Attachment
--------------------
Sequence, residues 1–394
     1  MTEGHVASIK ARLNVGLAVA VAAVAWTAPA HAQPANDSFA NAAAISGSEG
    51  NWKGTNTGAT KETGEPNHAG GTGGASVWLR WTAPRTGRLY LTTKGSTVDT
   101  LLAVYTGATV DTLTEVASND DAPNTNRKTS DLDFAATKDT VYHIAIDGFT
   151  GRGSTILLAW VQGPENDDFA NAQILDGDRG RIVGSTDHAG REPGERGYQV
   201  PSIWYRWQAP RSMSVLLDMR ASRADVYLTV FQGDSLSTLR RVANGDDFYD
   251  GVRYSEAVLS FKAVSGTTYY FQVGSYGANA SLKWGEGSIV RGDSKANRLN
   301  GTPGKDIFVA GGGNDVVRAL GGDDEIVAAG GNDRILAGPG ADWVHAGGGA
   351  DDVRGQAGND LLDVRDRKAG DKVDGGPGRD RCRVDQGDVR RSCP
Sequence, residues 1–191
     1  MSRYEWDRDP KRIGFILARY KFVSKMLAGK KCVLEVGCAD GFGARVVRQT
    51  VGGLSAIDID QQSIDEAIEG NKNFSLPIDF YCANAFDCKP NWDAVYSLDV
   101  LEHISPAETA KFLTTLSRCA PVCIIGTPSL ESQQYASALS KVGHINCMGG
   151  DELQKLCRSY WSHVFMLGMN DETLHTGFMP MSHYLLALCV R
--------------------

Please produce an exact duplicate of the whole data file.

Sequence, residues 1–394
     1  MTEGHVASIK ARLNVGLAVA VAAVAWTAPA HAQPANDSFA NAAAISGSEG
    51  NWKGTNTGAT KETGEPNHAG GTGGASVWLR WTAPRTGRLY LTTKGSTVDT
   101  LLAVYTGATV DTLTEVASND DAPNTNRKTS DLDFAATKDT VYHIAIDGFT
   151  GRGSTILLAW VQGPENDDFA NAQILDGDRG RIVGSTDHAG REPGERGYQV
   201  PSIWYRWQAP RSMSVLLDMR ASRADVYLTV FQGDSLSTLR RVANGDDFYD
   251  GVRYSEAVLS FKAVSGTTYY FQVGSYGANA SLKWGEGSIV RGDSKANRLN
   301  GTPGKDIFVA GGGNDVVRAL GGDDEIVAAG GNDRILAGPG ADWVHAGGGA
   351  DDVRGQAGND LLDVRDRKAG DKVDGGPGRD RCRVDQGDVR RSCP
Sequence, residues 1–191
     1  MSRYEWDRDP KRIGFILARY KFVSKMLAGK KCVLEVGCAD GFGARVVRQT
    51  VGGLSAIDID QQSIDEAIEG NKNFSLPIDF YCANAFDCKP NWDAVYSLDV
   101  LEHISPAETA KFLTTLSRCA PVCIIGTPSL ESQQYASALS KVGHINCMGG
   151  DELQKLCRSY WSHVFMLGMN DETLHTGFMP MSHYLLALCV R